“Just wondering how all of you go about facilitating your children finding their own path. FYI, I am writing this with a LOOONNG background (ie-all my life) of growing up with literal interpretation of the Bible, ask-Jesus-into-your-heart or you-will-go-to-hell fundamentalist Christianity. I am confused in my own heart . . .but am trying/seeking to practice a more liberal, less confining form of Christianity. . .”
JJ’s response, Dec 13 2005:
I’m thinking that apart from any doctrine or religion, the Sunday culture reflects how spirituality can shape individuals and communities . . .and maybe even unschooling paths? Growing up, I’d spend summers with my grandmother in a tiny town (still in the South but like another world to me) where spirituality was built right into the rhythm of life.
I absorbed it but not as a native – it was more like some exotic culture I was visiting, or an internship (is internship meant to be internalizing something and making it part of you? – never noticed that before)
It wasn’t just the regularly scheduled service every Sunday morning, but the big dinner with family at home and then putting it all away, doing the dishes and sitting around stuffed like post-Thanksgiving dinner, or else driving up the mountain for a family buffet at the one tourist place, and taking most of the afternoon to get home.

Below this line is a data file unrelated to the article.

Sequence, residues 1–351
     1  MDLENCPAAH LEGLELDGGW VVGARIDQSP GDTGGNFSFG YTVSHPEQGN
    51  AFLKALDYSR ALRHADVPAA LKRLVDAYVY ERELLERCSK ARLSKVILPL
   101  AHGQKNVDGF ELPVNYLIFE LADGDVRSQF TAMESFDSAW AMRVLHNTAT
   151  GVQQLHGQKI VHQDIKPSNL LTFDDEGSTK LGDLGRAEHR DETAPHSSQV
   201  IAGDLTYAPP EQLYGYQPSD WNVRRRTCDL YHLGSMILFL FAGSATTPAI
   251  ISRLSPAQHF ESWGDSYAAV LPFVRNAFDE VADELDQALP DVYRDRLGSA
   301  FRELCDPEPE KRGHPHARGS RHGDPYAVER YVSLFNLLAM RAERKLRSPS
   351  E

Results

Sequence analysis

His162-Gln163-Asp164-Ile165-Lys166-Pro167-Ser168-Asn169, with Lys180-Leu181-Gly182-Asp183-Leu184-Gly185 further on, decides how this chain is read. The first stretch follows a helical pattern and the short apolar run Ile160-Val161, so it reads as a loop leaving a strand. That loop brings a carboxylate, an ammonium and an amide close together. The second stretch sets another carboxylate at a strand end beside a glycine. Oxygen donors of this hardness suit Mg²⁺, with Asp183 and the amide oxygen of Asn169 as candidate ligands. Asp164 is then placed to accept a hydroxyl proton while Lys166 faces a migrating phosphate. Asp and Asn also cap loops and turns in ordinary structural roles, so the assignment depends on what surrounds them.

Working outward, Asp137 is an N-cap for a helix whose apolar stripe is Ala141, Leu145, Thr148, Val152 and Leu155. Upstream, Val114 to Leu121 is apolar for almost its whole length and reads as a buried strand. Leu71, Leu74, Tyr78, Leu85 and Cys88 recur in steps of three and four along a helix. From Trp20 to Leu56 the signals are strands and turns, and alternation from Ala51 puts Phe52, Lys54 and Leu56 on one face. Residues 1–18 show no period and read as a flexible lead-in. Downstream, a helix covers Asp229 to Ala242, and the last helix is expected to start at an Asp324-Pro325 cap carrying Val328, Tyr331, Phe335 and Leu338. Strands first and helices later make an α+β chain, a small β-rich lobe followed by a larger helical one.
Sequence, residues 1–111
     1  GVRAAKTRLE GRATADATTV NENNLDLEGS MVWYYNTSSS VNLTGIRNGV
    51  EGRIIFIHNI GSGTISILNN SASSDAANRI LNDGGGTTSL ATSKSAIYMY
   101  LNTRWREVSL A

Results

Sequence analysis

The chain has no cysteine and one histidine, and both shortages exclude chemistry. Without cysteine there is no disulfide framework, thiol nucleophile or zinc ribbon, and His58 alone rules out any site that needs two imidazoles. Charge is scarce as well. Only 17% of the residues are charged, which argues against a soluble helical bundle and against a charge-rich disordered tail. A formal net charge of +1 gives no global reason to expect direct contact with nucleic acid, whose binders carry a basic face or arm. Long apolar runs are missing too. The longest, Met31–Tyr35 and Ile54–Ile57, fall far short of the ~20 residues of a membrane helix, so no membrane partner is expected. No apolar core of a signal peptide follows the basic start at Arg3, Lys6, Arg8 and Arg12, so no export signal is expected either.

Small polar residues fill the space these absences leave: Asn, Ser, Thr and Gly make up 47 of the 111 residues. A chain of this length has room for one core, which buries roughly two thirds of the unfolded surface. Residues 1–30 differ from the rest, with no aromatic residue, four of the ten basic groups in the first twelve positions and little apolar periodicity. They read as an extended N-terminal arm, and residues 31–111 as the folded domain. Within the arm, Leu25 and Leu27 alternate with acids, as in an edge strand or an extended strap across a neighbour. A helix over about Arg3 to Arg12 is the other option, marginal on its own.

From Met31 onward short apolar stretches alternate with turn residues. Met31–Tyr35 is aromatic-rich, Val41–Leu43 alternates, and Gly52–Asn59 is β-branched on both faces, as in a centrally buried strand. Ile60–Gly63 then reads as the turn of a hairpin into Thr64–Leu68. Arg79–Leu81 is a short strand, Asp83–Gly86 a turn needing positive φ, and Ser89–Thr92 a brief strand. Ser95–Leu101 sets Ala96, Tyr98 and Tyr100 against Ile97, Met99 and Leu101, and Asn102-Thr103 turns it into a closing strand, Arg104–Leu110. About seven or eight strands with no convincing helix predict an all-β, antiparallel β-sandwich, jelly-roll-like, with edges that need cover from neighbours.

(To this day I hate mountain roads, especially after eating! What were they THINKING??)
We never did other church, like Wednesday evening suppers, and the pastor never came to our house. We weren’t “churchy” — and yet we were part of a social fabric that was very spiritual, not material. All through town and all through the week were church bells and funeral processions, personal visits to “those less fortunate,” who needed work or clothing or a sack of groceries, daily meditations in the big chair by the picture window, reading and playing LOTS of solitaire in increasingly creative ways, just to somehow pass the time quietly because nothing was open and everyone stayed home and tended to their own lives.
(Needless to say this was prior to the home computer. I finally got a transistor radio and thought music would be my teen escape, turns out the only AM station I could get was Read the rest of this entry »